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Car review: 2013 Toyota Prius

Oklahoman Modified: October 19, 2012 at 10:22 pm •  Published: October 20, 2012
The 2013 Toyota Prius continues unchanged from the previous model year. Now in the fourth year of its life, the classic 2013 Prius Liftback was joined last year by three additional models to form what has become a whole family of Prius hybrids--including the Prius C hatchback, the Prius V wagon, and the Prius Plug-In Hybrid.

The 2013 Prius Liftback and Prius Plug-In Hybrid look all but identical, with only a few trim details and badges, plus a charge-port door on the right-rear fender, to give away the differences under the skin in the plug-in Prius.

The iconic five-door hatchback was last redesigned for 2010, when it achieved a memorable EPA combined fuel economy rating of 50 mpg. Still the benchmark for gasoline powered cars sold in the U.S., only one other car has equaled that number--and it's the smaller Prius C subcompact.

The five-door Prius Liftback is the core of the Prius lineup, and by far its best-selling member. Its high tail, vertical rear, split rear window, and overall profile make it an iconic and a shape that's been instantly recognizable since 2004. It's all in service of lowering the drag coefficient, to minimize the energy used to push it through the air at speed.

The heart of the 2013 Toyota Prius is its Hybrid Synergy Drive system, consisting of two motor-generators that can power the car solely on electricity (at speeds up to 30 mph), add torque to supplement the power of its 1.8-liter four-cylinder engine, and recharge the battery pack during engine overrun or braking.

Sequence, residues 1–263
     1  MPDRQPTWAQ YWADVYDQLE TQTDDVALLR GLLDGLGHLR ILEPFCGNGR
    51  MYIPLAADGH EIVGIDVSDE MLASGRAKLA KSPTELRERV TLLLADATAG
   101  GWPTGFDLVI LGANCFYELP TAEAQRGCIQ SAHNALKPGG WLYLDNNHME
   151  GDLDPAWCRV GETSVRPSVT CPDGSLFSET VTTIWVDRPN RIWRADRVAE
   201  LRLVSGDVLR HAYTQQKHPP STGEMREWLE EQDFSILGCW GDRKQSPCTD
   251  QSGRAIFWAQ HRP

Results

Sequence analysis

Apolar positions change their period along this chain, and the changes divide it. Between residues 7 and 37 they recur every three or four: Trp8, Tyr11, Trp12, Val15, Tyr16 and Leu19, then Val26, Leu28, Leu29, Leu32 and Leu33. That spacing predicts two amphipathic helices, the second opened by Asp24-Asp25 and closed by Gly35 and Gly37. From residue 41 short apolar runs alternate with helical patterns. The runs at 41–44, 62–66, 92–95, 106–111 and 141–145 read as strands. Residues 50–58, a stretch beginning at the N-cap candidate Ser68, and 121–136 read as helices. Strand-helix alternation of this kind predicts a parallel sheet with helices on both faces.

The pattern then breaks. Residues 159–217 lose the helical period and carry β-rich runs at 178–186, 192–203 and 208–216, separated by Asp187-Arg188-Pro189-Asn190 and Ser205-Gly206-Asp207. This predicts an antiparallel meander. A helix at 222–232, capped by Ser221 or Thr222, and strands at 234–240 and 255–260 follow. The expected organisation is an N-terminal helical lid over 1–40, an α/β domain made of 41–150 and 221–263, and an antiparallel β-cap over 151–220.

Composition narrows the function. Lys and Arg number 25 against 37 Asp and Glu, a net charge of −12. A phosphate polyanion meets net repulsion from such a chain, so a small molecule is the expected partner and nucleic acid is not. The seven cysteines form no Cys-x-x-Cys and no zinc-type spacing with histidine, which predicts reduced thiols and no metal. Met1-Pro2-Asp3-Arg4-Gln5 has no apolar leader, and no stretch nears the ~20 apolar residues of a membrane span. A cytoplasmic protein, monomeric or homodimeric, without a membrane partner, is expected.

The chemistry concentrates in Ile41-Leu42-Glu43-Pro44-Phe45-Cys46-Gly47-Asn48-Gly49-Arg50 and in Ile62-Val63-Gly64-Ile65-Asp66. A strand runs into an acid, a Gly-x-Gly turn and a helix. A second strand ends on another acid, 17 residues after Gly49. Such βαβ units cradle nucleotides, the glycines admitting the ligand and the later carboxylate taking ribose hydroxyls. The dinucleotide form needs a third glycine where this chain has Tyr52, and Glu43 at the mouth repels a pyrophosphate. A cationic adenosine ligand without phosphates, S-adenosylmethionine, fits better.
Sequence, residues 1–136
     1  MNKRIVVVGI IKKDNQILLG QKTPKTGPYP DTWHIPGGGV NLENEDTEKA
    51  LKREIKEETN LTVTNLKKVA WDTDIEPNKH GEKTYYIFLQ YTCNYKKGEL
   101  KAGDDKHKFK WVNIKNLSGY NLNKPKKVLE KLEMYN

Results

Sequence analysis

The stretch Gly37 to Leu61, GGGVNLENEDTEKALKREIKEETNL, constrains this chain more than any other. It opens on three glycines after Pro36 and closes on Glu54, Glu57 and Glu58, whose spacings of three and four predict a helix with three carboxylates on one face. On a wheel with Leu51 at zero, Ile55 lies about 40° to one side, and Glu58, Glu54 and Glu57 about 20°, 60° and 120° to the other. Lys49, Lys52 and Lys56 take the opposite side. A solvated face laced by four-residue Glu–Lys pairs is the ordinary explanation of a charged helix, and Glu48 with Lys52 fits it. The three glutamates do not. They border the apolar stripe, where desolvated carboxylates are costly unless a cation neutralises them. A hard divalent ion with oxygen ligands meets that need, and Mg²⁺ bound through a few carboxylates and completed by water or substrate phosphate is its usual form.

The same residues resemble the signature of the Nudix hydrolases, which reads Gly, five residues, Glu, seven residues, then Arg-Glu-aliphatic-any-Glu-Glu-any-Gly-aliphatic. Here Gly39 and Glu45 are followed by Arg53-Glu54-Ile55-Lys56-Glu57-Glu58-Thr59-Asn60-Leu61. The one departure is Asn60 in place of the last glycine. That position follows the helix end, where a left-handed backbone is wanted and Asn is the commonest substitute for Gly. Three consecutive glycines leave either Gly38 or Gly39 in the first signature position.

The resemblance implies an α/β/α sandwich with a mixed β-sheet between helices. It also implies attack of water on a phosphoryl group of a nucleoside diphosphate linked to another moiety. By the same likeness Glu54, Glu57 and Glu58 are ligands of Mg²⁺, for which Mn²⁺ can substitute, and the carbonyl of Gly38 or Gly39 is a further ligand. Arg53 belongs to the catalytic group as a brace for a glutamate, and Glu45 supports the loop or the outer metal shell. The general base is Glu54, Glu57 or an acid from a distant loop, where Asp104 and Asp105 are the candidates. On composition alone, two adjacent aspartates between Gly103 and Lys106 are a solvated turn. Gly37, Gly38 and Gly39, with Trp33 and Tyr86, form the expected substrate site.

Together, the engine and drive motor produce 134 horsepower--giving it slightly better acceleration than earlier models. The quoted 0-to-60-mph acceleration time is just under 10 seconds, though flooring the 2013 Prius produces plenty of howling from up front. The blending of regenerative braking with the all-disc friction brakes is excellent, and Toyota's had longer experience than any other maker in refining it. Using the same running gear, with a few additions, is Toyota Prius Plug-In Hybrid--the first Prius that can be plugged into the electric grid to recharge its battery pack. While it looks like a regular Prius, its battery pack holds three times as much energy, and that gives it 6 to 11 miles of all-electric range when fully charged.

But that electric range may not be continuous--unlike the the Chevrolet Volt range-extended electric car--because the plug-in Prius has to switch on its engine whenever it needs more power than the small electric motor can deliver. One example: full acceleration into fast-moving traffic from an uphill freeway on-ramp. The EPA says the Prius Plug-In Hybrid gets the same 50 mpg as the regular Prius hybrid once its battery is depleted. Like all plug-in hybrids, an owner's real-world mileage depends entirely on how much the car can be used for short trips in all-electric mode, with frequent recharges of the small pack.

Driving any Prius for the first time can be startling to novices. The continuously variable nature of the hybrid system means the engine speed (and hence noise) doesn't rise and fall with road speed--which can take some getting used to. And the handling is hardly going to elate sports-car fans. Like virtually all of Toyota's electric power steering systems, the Prius feels numb and lifeless through the wheel--though it responds fine and the car corners capably enough.

While many think of it as a compact, the 2013 Toyota Prius Liftback has the interior volume of a mid-size car and offers plenty of space for four adults, or five if rear-seat passengers will stagger their shoulders. Hollowed-out front seatbacks help increase rear-seat legroom, though the padding on the front seats is skimpy and taller drivers will find the hard-plastic center console cutting into their knee room.

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